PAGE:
yes, my approach is different. it is more about getting in tune with what is needed and the reality around us. this thinking and method started evolving while reading Graeme Sait's Nutrition Rules ebook. this led me to Albrecht's work on nutrition, then "Weeds Guardians of The Soil" and on to "Conquest of the Land Through Seven Thousand Years". All of these provided new insights.

It is amazing how wrong I use to think about pests, weeds, and the soil. I can't imagine how hard it is for a conventional long term farmer to come to grips with this new perspective and like I think differently.

I am trying a few new things in my gardens this year, specifically I have finely chopped leaves and cultivated them in for carbon. I am using a little more potash, direct from my fireplace. I wanted to try recycling some drywall (Gypsum) for the Calcium in it, but decided to try it first in the front yard on the grass after cutting aeration trenches with one of my Mantis tillers.

I have another area, next to a retention pond that I want to plant with some Ground Cherries, but before I do that I am going to early plant weeds there that I bought some seeds from another member, then cut them down before they seed and cultivate them back in as "Green Manure".

Another test this year will be using a (20:1) foilar spray on one garden that will be pasteurized urine (Urea). Read several reports that proved the value, plus USDA & EPA are both sponsoring many tests.

After almost a year, I was approved for Agriculture Research (ARS) to try and grow Brosimum Alicastrum in colder climates and also to breed it. This is pretty exciting to me.

If you want to research native plants to your area, use this link:
Native Plant Societies

I would also suggest that you either watch or download Lorraine Johnson's talk at the NANPS. It is really terrific.

As to your fruit trees, you might want to get some of the grafted apples (2,3 or 4 species on one tree) which cuts the latency of production from 5 years to under 2 in most cases. And they are not that expensive- under $100 typically per tree.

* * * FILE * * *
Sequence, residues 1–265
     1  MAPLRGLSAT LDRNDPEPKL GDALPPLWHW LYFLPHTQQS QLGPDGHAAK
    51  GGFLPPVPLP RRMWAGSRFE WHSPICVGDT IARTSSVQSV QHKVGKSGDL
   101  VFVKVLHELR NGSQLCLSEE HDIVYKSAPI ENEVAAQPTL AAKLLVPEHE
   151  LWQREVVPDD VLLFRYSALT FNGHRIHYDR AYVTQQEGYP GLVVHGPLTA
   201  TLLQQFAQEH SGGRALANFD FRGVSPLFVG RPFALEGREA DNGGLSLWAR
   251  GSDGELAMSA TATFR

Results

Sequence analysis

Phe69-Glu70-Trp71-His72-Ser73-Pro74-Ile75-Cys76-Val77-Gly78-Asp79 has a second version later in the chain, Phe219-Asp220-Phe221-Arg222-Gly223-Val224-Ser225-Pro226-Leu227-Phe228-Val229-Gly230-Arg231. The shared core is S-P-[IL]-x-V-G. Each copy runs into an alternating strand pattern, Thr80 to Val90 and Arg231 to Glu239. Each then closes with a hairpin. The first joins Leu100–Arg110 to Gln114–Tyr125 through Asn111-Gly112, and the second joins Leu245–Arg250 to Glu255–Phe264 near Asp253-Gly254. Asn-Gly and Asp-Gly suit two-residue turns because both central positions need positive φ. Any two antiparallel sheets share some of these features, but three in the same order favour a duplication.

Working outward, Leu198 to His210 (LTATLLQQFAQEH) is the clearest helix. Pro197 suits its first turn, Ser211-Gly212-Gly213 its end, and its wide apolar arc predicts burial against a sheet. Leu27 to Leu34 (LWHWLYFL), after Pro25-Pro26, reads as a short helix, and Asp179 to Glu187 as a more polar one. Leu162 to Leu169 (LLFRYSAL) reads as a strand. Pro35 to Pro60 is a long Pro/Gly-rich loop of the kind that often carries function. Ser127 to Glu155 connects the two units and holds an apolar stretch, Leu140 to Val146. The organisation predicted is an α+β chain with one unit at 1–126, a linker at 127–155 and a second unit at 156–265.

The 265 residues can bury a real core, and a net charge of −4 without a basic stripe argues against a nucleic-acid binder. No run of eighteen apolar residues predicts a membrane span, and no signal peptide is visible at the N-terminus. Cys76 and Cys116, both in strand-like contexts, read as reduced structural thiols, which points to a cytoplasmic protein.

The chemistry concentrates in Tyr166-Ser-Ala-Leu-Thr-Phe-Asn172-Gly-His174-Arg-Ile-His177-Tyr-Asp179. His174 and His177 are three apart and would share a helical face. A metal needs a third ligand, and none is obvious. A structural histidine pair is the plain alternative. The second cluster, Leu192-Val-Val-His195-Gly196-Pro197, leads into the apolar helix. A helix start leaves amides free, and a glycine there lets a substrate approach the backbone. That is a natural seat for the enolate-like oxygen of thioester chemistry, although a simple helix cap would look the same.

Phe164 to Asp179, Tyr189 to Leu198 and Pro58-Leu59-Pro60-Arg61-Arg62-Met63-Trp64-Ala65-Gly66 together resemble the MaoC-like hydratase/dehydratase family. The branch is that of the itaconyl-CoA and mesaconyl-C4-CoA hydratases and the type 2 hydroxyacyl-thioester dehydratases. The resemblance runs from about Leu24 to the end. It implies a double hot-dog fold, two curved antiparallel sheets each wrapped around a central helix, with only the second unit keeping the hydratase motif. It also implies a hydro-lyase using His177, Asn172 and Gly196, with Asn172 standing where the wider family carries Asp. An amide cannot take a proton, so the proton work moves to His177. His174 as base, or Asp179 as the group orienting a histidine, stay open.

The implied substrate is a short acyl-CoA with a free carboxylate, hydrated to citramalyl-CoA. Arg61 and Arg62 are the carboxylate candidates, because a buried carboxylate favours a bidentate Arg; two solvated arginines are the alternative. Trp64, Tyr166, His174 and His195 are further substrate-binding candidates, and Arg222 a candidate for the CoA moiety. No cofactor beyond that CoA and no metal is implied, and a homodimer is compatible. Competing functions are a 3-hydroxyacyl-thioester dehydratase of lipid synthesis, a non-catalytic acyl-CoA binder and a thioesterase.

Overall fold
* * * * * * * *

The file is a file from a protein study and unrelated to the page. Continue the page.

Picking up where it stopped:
Jen_Jen likes this.
Reply With Quote
Old 01/16/17, 01:03 AM
Jen_Jen's Avatar
Registered User
Join Date: Jan 2017
Location: West Virginia
Posts: 18
Wow! Thanks for the tips! Very interesting stuff!

I only took possession of the property in February 2016, so we have a long way to go. We may end up moving to Western MA before we dig in too much. His family is up there. He's been in the DC area since the 90s (for college, then was married and divorced, then met me and stayed.) Since I have no family left down here, I figure it's his turn. I'm thinking that's at least 3 years out, though, so we definitely have time to experiment and learn.

Jen M, WV
Reply With Quote

Thread Tools
Rate This Thread
Rate This Thread:

Posting Rules
You may not post new threads
You may not post replies
You may not post attachments
You may not edit your posts

BB code is On
Smilies are On
[IMG] code is On
HTML code is Off
Trackbacks are On
Pingbacks are On
Refbacks are On

Similar Threads
Thread Thread Starter Forum Replies Last Post
Second litter, second curveball! comicus Rabbits 13 02/07/14 09:43 AM
if the PM market was an elevator.... bee Current Events 14 03/01/12 12:12 PM
I have an elevator! brosil Homesteading Questions 2 09/10/08 01:34 PM
DIY elevator plans? Buffy in Dallas Homesteading Questions 24 04/30/07 10:21 AM
Parts for an older elevator? Rockin'B Shop Talk 6 01/24/07 01:08 AM

All times are GMT -5. The time now is 04:40 PM.